It is my pleasure to serve as the guest editor of this edition of the AJNR News Digest, which focuses on the topic of image-guided spine pain management. Disorders of the spine have a tremendous impact on society—directly through the morbidity of afflicted individuals and indirectly through lost productivity and increased health care costs. In 1998, total U.S. health care expenditures for low back pain were estimated at $90 billion.1 Since that time, costs of low back and neck pain care have risen substantially, at a rate higher than that observed for overall health expenditures.2 In the United States, an estimated 149 million work days are lost every year because of low back pain.3
Spinal injections of steroids have been widely used in the management of back pain for more than 50 years.4 Image-guided spine injections (when performed for appropriate indications) and using contemporary techniques can provide significant benefits in relation to pain relief, disability, and quality of life in these patients, identify the specific pain generator, and help avoid surgery. These injections have a low-risk profile compared with alternative treatments and are effective when used as part of a multimodal treatment plan that includes physical therapy, exercise, and activity modifications.
Between 1994 and 2001, the use of epidural steroid injections increased by 271% and facet joint injections by 231% among Medicare beneficiaries.5 Medicare payments for spinal injections expanded 629% during that time period.5 More recent data indicate continued rapid growth in the use of spinal injection therapies. The success of spinal injections in alleviating symptoms depends on the ability to deliver the anti-inflammatory medication (corticosteroid) precisely to the specific site of inflammation. For example, with disc herniations, the inflammatory response (and hence the site of pain generation) is at the interface of the herniated disc and traversing neural tissue. This site is frequently within the ventral epidural space, subarticular zone, or neural foramen. For this reason, transforaminal epidural steroid injections (TFESIs) may be more effective than interlaminar epidural steroid injections (ILESIs) in targeting the specific pain generator in the setting of an acute disc herniation.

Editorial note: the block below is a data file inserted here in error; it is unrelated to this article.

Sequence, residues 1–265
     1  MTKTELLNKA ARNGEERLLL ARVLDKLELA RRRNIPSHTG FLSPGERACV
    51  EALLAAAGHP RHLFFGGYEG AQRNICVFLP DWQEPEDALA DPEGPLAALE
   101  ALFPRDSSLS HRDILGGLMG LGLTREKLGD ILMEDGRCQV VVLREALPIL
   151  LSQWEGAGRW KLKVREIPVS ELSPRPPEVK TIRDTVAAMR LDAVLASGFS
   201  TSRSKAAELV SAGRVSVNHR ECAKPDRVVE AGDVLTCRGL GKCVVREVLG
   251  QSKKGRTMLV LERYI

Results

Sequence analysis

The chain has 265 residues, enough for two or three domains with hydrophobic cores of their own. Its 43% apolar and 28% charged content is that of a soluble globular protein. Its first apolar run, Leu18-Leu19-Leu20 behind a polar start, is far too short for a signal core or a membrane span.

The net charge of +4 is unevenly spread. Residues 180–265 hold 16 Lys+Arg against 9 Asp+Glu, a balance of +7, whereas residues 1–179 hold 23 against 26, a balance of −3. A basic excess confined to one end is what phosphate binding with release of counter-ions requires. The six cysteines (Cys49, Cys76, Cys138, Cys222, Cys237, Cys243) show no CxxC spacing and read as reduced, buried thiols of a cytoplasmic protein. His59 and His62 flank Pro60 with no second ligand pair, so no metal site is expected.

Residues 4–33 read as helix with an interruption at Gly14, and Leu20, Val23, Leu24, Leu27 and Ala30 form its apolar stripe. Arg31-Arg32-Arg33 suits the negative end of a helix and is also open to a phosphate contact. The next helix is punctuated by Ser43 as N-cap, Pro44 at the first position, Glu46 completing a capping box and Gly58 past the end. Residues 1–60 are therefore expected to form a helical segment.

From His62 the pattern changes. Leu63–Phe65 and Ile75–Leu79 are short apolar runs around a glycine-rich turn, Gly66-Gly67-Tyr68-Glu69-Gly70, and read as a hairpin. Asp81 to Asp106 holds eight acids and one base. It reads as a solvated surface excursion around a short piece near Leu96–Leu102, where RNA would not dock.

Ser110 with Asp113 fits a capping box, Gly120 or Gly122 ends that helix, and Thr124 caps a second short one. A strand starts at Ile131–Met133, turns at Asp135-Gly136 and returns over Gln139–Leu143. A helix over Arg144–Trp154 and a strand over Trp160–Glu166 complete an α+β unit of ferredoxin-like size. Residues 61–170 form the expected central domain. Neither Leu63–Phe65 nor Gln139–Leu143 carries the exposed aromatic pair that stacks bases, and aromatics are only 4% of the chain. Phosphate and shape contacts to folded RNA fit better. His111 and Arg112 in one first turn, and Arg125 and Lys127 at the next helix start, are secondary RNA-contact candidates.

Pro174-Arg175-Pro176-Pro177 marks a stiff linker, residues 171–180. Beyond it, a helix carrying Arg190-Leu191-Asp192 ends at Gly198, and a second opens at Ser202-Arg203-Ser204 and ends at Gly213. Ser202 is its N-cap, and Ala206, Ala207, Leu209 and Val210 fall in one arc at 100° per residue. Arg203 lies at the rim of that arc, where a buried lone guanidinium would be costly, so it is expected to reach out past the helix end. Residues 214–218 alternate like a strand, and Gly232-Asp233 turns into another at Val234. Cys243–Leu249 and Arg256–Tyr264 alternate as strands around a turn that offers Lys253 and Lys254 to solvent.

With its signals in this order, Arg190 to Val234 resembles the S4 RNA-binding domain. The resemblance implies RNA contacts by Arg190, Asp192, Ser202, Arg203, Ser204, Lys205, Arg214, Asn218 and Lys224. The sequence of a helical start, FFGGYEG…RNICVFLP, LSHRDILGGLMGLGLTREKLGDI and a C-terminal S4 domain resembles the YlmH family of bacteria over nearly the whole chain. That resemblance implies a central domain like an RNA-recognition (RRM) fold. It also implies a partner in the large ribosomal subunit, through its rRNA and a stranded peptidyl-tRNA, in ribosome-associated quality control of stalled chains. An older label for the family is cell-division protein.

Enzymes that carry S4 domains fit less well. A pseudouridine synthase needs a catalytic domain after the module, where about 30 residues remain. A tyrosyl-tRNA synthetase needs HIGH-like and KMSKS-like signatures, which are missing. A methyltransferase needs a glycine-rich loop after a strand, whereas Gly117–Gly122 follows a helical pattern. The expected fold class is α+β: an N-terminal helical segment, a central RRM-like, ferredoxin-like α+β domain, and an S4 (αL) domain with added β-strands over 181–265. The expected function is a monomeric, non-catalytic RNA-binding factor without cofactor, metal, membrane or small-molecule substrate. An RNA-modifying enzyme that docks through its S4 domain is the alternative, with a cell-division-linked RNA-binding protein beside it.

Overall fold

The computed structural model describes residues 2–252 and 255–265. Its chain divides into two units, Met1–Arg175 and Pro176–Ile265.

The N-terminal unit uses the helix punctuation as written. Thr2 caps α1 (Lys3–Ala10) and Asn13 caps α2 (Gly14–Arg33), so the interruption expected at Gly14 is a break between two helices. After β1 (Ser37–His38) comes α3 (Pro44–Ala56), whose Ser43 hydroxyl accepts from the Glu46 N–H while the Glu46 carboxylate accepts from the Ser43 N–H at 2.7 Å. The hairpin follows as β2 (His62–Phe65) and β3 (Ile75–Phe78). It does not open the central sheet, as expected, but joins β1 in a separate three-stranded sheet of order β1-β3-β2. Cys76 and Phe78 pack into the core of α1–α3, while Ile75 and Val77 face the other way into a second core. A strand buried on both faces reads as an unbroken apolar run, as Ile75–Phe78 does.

Image-guided spinal injections have a high safety profile; however, appropriate risk mitigation techniques are necessary to avoid extremely rare, catastrophic complications, such as direct spinal cord or vascular injury or CNS infarcts.6 Risk mitigation techniques include thoroughly reviewing preprocedure imaging (to identify the pain generator and vulnerable soft tissue structures), using appropriate imaging techniques during the procedure (eg, DSA or CT fluoroscopy for vascular uptake), performing a contrast test injection, choosing the appropriate steroid preparation (ie, nonparticulate vs particulate), and using minimal or no sedation.
Image guidance is a must in the safe performance of these procedures. While planar fluoroscopy remains the imaging modality of choice at most institutions, CT guidance can be particularly helpful in cervical injections or in patients with challenging anatomy or prior surgery. Advantages of CT guidance include superior contrast resolution and primary axial plane guidance that allows direct visualization of target tissue and vulnerable structures along the proposed needle trajectory. Multisection CT fluoroscopy allows for target specificity with a similar dose to planar fluoroscopic guidance.7,8 While planar fluoroscopy provides the advantage of “live” intravascular injection detection using digital subtraction techniques, recent CT fluoroscopy studies have demonstrated vascular uptake detection rates similar to planar fluoroscopy.9,10 Although injection techniques using fluoroscopic or CT guidance are similar, there are few head-to-head studies assessing the effectiveness and safety of injections performed using CT versus fluoroscopy.